Dundee and it’s citizens
My second biggest area of research focused on Dundee and the culture around the city. Because I want to tell a story that is quite positive and playful, I began to focus on the opportunities around Dundee’s current rich culture, which largely focuses upon its creative scene. With the V&A and groups such as Creative Dundee in the city, we are currently living in a cultural hotbed that is growing and growing. The city therefore, is a blank canvas to present how design is shaping the city and create something that really ties into the culture of this city. One area that I liked inside this was Dundee’s City of Culture 2023 bid. For this, the council want people to tell their stories of the city in order to raise awareness for why the city deserves this title. I wonder if there is an opportunity for voice controlled technologies to be used here in a thoughtful, meaningful way?
I couldn’t help but wonder, however, what are the real problems in Dundee? If smart cities aren’t focusing enough on the actual needs of the city, then would designing for the burgeoning creative scene in Dundee be the most effective research route to pursue? Dundee, after all, is one of the most deprived cities in Scotland, with one in four people living in poverty in the city. An effective design solution would aim to solve these problems – but then again, how can that be achieved with voice technologies? These constraints are what makes a project exciting – juggling all these requirements and needs from stakeholders and users.
With major developments happening within the city, one could argue that there is a conflict in interests between people in the city in what Dundee needs. The city is at risk of being gentrified with a lack of concern for the quarter of the city’s population that goes to bed hungry at night – so how can this development of the city be used ethically to solve problems for our disadvantaged populous? The V&A and waterfront development is creating jobs, both in its build and execution, as well as the money that all that tourism brings into the city. Bar the economic benefits that comes alongside this, the V&A is also being used as an educational institution, which will provide free workshops and insight into the world of design, benefiting local residents within the city.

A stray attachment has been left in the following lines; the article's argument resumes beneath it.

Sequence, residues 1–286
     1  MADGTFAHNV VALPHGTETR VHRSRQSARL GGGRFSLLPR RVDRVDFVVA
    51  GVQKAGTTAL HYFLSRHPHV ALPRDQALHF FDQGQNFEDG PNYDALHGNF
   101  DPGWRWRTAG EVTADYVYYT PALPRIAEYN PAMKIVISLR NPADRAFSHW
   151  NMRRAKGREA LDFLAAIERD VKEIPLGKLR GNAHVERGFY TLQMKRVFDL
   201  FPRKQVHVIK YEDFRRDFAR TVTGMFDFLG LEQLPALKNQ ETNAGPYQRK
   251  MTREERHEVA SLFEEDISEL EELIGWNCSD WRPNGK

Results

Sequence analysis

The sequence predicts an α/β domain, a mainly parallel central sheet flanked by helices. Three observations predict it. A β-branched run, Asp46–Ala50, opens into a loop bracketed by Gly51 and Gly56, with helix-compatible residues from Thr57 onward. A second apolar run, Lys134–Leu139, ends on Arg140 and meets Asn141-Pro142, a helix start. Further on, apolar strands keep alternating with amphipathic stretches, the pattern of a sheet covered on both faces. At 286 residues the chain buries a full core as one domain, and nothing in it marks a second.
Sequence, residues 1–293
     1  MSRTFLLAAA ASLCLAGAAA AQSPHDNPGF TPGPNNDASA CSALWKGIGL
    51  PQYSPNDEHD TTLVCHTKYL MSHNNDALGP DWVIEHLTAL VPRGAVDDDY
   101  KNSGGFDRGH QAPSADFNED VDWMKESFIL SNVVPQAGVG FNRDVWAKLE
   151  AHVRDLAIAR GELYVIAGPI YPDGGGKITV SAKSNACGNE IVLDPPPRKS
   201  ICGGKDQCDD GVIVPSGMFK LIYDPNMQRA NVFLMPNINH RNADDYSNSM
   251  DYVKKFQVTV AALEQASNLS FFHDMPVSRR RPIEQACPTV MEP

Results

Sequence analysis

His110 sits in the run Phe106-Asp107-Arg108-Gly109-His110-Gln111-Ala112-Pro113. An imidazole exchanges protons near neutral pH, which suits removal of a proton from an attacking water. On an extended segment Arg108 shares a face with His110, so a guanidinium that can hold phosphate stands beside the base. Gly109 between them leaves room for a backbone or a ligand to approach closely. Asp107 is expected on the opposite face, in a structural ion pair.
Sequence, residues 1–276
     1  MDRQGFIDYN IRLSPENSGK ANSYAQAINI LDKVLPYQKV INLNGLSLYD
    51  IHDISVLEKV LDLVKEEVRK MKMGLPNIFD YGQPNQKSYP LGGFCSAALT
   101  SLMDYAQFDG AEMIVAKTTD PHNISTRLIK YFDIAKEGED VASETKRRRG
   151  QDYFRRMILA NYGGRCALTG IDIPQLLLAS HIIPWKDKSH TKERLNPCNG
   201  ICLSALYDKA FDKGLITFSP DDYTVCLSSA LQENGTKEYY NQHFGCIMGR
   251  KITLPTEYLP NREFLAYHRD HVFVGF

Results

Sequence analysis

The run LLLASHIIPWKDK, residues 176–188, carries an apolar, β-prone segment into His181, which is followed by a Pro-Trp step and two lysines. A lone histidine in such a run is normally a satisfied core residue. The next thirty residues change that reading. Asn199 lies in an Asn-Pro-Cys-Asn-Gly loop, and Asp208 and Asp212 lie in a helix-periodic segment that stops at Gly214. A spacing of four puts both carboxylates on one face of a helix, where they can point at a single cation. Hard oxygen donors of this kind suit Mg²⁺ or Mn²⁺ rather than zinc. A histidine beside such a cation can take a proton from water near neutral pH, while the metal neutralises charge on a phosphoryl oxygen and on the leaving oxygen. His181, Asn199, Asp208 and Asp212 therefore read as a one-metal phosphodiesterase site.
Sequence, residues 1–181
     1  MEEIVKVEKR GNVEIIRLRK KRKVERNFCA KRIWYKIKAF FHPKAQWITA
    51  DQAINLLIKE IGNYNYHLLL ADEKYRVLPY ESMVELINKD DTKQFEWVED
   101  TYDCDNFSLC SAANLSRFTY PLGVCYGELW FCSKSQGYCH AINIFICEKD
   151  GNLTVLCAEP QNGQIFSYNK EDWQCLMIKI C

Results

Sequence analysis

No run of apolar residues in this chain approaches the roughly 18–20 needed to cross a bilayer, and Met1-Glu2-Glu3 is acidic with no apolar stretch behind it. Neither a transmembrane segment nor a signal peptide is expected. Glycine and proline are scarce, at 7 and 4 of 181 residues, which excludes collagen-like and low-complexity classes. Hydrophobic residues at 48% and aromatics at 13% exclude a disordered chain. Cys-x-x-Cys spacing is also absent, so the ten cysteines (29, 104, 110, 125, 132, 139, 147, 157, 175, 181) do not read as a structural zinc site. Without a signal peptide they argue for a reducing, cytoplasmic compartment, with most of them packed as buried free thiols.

This won’t solve all of Dundee’s problems. But it’s a step in the right direction, and people will begin to see the benefits of this regeneration, whether or not it’s obvious instantly. Otherwise, how could we design to break down the barriers for the impoverished within the city? In the Dundee Fairness Report, one of the main topics that it touches upon is the idea of stigmatisation around the poor, and how most people simply believe that people are poor because they are lazy and unmotivated to do anything about it. However, one way we can tackle this and build a conversation around the issues of the poor is through storytelling. By helping people tell their stories, we can generate empathy and work as a community to create opportunities for disadvantaged people in the city.
This could be a perfect opportunity for voice technologies. In my other research, I looked at voice technology and internet health – however I thought that this research was more of an introduction to these concepts, and was something that I generated a lot of base learning in. One thing I did want to consider is the idea of finding a specific touch point in the area of voice control. The example I found in my research was that of home voice assistants such as Amazon Echo and Google Home. These devices offer so much functionality – but at the very core of them, they’re basically the same products, locked into different services. Think, then, about Apple’s HomePod due to be released in December, and how instead of pitching itself as a voice assistant, it is instead branded as a smart music speaker. This shift of perspective onto music makes sense – Apple is synonymous with iTunes, and the iPod is the product which enabled millions to connect with music in a new way in the early 00’s. A service focused on music whilst providing all the benefits of the others instantly feels more buyable, more determined to create a real impact in that area.
What I’m saying, therefore, is that whatever I design and what I try to make a statement about, should at all times have a specific goal in mind. I don’t want to focus on doing everything all at once – obviously a voice controlled AI in public would probably do the thing that you’d think of first, giving information around local sights and places. But how can it zone in on the real problems – how can that story be compelling and human? I’m finding out, and I’m so excited to get to work.